[1]


The root cause of the many
EORSAT fragmentations remains
unknown, and at this time Cosmos
2421 is the only member of its class
still in orbit.
[3]

Interesting...they are so fragile, most of the time, they don't even know what causes the fragmentation!
 

Here are some useful resources that may help you along:

ARTICLES:
en.wikipedia.org...
www.enotes.com...
www.astro.lsa.umich.edu...

DOCUMENTS:
departments.colgate.edu...
supernova7.apsc.csi.cuny.edu...
www.bu.edu...
deepimpact.umd.edu...

CALCULATORS:
www.lpl.arizona.edu...
www.lpl.arizona.edu...
 

References:

1. news.discovery.com...
2. www.abovetopsecret.com...
3. www.orbitaldebris.jsc.nasa.gov...

[edit on 12/2/10 by CHA0S]




posted on Feb, 12 2010 @ 12:17 AM
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Pretty hard to guess. A meteorite impact in Peru caused a lot of rethinking about it.

"This just isn't what we expected," Schultz says. "It was to the point that many thought this was fake. It was completely inconsistent with our understanding of how stony meteorites act."

www.abc.net.au...

I'd like to see some confirmation about that 30 meter crater in Mexico though. There is only the single initial report that seems to talk about it.



posted on Feb, 12 2010 @ 12:21 AM
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I support this thread, however I'm not a physics guy but in addition to what you mentioned, some other important things to keep in mind would be,

1)The composition of the impacted area in minerals ect.
2)If the official story changes again.
3)Seismic data?
4)Speed of object?



posted on Feb, 12 2010 @ 12:33 AM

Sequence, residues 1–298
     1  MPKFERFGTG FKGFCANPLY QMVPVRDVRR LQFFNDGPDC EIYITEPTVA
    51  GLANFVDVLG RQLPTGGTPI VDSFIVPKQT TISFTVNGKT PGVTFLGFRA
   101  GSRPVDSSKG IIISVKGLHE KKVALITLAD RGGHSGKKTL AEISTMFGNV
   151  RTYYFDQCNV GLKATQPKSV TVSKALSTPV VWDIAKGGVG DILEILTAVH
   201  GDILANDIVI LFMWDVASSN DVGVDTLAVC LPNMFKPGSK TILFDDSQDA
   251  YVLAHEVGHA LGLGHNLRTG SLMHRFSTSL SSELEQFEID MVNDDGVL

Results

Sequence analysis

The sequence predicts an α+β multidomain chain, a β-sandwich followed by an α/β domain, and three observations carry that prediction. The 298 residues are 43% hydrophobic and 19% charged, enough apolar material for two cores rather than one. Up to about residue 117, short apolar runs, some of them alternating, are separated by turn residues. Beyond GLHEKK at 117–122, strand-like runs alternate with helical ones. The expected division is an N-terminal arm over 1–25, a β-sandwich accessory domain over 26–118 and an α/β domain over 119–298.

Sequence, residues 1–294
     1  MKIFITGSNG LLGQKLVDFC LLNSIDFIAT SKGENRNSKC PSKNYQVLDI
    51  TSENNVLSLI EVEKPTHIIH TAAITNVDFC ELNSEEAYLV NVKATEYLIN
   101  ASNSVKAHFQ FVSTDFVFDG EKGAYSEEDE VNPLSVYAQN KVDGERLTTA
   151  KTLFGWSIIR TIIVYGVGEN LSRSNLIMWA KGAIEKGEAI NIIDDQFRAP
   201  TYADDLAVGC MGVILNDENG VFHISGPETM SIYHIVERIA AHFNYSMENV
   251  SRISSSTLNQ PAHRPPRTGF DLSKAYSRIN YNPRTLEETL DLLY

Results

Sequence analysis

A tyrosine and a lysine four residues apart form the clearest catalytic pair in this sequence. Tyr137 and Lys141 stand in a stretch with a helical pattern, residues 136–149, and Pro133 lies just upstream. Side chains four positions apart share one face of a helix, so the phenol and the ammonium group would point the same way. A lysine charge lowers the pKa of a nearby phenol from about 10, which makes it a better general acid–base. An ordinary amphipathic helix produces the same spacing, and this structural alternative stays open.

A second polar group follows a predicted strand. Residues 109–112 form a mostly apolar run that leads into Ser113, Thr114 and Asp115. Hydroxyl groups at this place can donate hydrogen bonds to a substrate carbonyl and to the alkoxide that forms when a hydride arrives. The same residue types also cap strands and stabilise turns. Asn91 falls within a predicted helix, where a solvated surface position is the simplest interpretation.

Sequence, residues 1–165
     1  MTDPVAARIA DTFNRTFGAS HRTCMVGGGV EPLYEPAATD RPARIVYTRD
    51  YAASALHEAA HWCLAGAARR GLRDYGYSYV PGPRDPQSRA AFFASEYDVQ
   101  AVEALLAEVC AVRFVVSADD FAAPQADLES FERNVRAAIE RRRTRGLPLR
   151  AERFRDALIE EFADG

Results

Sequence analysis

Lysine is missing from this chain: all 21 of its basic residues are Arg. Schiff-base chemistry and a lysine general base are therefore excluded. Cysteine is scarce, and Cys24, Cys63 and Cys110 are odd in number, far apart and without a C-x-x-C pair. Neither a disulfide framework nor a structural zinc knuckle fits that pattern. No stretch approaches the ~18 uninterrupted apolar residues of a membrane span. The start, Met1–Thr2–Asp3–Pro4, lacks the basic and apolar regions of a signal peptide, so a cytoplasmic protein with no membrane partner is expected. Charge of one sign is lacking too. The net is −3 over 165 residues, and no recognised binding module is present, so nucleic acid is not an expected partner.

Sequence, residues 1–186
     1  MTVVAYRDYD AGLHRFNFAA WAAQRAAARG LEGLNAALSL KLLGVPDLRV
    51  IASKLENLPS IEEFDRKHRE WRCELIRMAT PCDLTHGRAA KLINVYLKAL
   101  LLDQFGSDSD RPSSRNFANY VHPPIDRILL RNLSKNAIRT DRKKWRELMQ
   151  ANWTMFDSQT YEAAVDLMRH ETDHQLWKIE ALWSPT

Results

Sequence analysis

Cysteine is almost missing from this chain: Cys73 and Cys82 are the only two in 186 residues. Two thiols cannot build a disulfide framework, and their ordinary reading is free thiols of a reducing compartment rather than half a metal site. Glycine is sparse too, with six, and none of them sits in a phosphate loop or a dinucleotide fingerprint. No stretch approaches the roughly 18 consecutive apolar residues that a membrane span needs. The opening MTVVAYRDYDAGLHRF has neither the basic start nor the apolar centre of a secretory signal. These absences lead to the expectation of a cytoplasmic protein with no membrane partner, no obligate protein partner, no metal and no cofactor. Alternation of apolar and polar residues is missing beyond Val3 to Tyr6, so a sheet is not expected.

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reply to post by Phage
 


Yes, you're definitely right...as I'm discovering, it can be tricky to calculate the factors involved with craters...but it's definitely possible to make some fairly reasonable estimations using the techniques available...

I too would like to see some more coverage of this event...but if the DoD is making official statements already...I think we can safely say the initial reports were correct, or they would have cleared that up by now...anyway, I found these 3 articles concerning the event:

newsolio.com...
translate.google.com...
translate.google.com...



posted on Feb, 12 2010 @ 12:42 AM
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Here is a .pdf that has some pretty good detail on the Cosmos 2421 Spy Satellite. Did not read much into it. Leave that to the experts.

orbitaldebris.jsc.nasa.gov

edit: Well not that good of detail

[edit on 12-2-2010 by timewalker]



posted on Feb, 12 2010 @ 12:43 AM
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reply to post by BlubberyConspiracy
 



1)The composition of the impacted area in minerals ect.
2)If the official story changes again.
3)Seismic data?
4)Speed of object?

1. Might be a little hard to work out for the exact area of impact...but going on the surrounding areas, we should be able to work out the most likely composition if necessary.
2. Yes, there's always a chance of that happening...and it might change everything...
3. Probably not relevant.
4. We can work out, with a fairly high degree of accuracy, the velocity of the object when it impacted Earth, if we can find out the exact mass of the object. In the worste case, we can guess the most likely mass of the object, going on the mass of Cosmos 2124 (which was 3 metric tonnes) and go from there...

reply to post by timewalker
 
Yeah...I already linked that in the references, it has some good info on the satellite.

[edit on 12/2/10 by CHA0S]